Halloween and 'the other'

Debbie Jahnke
Blogger
Posted 2/7/19
Blackface and Klan Halloween costumes in 1984: A common kneejerk excuse is, "Well, that was SO long ago, they didn’t really know any better."

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Halloween and 'the other'

Posted

Blackface and Klan Halloween costumes in 1984: A common kneejerk excuse is, "Well, that was SO long ago, they didn’t really know any better."

However, in 1987 we moved from San Diego to Savannah, Georgia, into a beautiful old neighborhood, one of the first suburbs of historic Savannah, and everybody knew better. Those who chose to be racist knew exactly what they were doing. We had black neighbors who owned homes much nicer than ours. But we also had white neighbors who would not invite their black neighbors into their houses through the front door.

We knew then that was wrong. Even though we were "yankees," "not from around here," and had not grown up in the south, it was absolutely no mystery.

Most of the houses in the neighborhood, built in the early 1900s, had some approximation of a "servant’s bathroom," usually a decrepit toilet in a basement or outbuilding. A servant could clean the house but not use the facilities. To someone who grew up elsewhere, it was puzzling.

One black man we worked with was very hesitant to come into our home through the front door. When he was offered a drink, he asked if he could have it "to go" so as not to be seen fraternizing. In the 1990s.

The costume aspect causes reflection. What have I dressed up as on Halloween that might offend someone, then or now? A pirate, a gypsy girl, an Indian princess all saw the light of day when I was a little kid and could be seen as offensive now.

One of the three little kittens at age 13 - that only offended teenage boys who hoped we were really dressed as ladies of the night with ears and tails.

Dr. Frankenfurter from Rocky Horror Picture Show - that was equal opportunity offensive.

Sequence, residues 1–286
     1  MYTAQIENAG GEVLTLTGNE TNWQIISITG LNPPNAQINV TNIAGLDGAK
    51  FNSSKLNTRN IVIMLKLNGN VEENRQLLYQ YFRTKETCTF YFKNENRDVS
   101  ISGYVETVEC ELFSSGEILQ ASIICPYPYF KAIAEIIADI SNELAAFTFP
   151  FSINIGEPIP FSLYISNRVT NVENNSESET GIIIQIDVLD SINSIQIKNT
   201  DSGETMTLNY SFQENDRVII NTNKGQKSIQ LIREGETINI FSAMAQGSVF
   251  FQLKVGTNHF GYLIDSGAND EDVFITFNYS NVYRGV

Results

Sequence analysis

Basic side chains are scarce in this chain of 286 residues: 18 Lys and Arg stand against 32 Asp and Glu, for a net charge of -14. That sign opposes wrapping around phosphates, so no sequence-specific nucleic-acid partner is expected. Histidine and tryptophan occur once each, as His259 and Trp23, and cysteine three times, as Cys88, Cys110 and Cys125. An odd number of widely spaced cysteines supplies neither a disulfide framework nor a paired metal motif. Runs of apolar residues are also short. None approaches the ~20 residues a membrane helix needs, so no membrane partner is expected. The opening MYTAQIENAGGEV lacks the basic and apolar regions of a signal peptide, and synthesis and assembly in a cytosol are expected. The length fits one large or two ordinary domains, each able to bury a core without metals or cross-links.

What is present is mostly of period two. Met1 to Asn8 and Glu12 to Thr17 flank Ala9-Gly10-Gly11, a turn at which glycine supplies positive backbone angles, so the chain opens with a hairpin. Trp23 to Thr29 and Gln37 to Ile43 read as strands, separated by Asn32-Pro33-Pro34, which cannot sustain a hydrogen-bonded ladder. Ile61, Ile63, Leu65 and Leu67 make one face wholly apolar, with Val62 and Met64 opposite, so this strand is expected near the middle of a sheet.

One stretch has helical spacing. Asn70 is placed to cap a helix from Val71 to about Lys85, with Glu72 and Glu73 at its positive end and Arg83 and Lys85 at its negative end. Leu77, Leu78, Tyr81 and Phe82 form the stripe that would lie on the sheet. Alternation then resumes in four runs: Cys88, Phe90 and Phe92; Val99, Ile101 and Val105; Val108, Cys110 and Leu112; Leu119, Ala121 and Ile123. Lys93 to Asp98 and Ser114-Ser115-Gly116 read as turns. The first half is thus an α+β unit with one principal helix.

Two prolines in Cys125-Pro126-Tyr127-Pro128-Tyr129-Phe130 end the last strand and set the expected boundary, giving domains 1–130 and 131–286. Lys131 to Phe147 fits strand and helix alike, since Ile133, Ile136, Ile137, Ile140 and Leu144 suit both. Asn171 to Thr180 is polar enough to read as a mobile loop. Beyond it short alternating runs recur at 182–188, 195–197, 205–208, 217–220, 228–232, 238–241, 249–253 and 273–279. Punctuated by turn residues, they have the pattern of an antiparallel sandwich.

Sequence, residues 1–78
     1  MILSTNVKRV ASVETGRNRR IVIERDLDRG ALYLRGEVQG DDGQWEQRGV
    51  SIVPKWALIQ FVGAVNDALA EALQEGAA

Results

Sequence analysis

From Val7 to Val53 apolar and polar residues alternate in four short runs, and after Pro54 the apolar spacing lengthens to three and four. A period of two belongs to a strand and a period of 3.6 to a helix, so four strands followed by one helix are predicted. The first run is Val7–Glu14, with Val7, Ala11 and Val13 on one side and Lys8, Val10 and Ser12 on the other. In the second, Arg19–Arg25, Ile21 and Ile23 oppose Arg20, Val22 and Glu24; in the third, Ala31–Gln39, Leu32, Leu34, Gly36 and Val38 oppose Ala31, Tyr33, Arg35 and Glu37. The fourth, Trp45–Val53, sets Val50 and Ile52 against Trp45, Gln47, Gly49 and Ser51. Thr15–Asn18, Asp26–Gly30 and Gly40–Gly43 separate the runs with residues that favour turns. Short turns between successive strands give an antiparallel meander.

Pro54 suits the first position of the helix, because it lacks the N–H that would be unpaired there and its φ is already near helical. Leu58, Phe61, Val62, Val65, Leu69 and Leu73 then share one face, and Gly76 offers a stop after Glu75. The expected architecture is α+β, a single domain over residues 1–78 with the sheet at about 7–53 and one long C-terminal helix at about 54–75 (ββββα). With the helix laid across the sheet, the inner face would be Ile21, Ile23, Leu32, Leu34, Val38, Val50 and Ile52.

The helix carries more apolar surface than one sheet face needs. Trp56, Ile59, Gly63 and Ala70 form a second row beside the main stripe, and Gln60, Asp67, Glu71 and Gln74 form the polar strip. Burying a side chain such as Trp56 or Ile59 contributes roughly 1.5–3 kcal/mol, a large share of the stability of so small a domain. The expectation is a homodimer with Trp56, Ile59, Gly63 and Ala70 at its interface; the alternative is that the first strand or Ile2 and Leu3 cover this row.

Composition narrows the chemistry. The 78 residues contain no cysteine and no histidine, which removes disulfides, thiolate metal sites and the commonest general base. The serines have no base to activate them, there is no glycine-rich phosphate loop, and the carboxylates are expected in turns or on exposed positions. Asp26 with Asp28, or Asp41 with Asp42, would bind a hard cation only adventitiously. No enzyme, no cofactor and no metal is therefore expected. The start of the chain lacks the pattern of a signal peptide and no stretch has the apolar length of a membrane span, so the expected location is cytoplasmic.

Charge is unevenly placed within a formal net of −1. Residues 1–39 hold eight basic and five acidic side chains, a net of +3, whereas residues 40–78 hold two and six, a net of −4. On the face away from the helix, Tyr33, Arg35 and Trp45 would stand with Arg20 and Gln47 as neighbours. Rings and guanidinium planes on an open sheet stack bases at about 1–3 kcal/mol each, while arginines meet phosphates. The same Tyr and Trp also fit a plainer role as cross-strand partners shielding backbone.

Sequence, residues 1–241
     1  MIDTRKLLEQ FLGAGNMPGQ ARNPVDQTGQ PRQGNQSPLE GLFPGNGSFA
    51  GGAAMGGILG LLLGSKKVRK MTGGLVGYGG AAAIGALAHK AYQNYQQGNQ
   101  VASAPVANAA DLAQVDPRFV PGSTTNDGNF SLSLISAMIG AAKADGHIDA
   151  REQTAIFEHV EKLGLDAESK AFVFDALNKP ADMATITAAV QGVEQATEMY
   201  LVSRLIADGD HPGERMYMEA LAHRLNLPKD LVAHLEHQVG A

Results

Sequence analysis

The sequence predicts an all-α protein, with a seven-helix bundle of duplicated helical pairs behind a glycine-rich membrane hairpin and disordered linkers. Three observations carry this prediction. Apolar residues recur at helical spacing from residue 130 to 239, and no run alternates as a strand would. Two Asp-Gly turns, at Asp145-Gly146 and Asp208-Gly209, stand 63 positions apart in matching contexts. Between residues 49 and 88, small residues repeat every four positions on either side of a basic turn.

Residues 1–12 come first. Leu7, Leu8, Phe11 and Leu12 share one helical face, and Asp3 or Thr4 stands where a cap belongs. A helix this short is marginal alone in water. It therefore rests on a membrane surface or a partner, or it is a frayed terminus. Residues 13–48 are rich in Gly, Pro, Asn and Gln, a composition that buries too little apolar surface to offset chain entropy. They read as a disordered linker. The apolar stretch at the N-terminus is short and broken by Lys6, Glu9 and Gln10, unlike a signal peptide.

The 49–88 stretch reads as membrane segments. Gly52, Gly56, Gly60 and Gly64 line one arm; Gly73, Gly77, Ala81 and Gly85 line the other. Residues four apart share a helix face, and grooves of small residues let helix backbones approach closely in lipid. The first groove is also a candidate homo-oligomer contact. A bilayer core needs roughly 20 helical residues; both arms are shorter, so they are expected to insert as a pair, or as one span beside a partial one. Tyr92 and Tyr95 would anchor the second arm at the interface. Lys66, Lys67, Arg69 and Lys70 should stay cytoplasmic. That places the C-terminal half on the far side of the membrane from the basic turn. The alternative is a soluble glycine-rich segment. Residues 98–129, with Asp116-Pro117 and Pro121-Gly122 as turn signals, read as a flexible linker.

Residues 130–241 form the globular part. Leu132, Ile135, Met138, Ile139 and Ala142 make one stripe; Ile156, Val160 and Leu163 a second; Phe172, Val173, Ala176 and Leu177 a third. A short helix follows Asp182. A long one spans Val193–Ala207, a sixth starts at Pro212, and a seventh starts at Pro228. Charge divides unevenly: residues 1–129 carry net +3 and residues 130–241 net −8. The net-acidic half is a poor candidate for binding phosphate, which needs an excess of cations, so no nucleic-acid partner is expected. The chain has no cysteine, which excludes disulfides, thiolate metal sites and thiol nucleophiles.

A pregnant girl scout - in the neighborhood built on the Gordon family farm and named after Juliette Gordon Lowe, founder of the Girl Scouts. That offended lots of people.

A human-sized tongue, complete with pompom taste buds, rickrack veins and a squirt bottle salivary gland. Offensive only to other tongues, perhaps.

But blackface and klan outfits? Costumes synonymous with oppression, hatred and lynching? The largest slave sale in the country had occurred within a few miles of where we lived. No ignorance is deep enough to declare the brandishing of such symbols as "they didn’t know any better."

One co-worker brought the complexity into the light for us. He’d grown up locally, attended an HBCU for his master’s degree and moved to the northeast for a job. He returned home, he said, because at least there he knew where he stood with people. In the north, people acted one way to his face and another to his back. In the south, the haters didn’t hide or pretend. The common response from people we met who were racists to strangers but had black acquaintances they valued was "hate ‘em as a race, love ‘em as individuals." 

Can we ever transcend that fear and hatred of the "other?"

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Tom Camfield
Blacks remained a rarity here in Port Townsend about 50 years ago. I still remember fondly Willie Bynum, fated to be born black. Somewhat older than I he worked at the local hospital back around 1970. He was a friend, one of the most enjoyable ones that I encountered periodically. I still smile over my comments to him about marrying a white girl. Good friends could talk that way. She was black but her surname was White. I went by his house and took commemorative photos of the occasion with my Leader camera.
Friday, February 8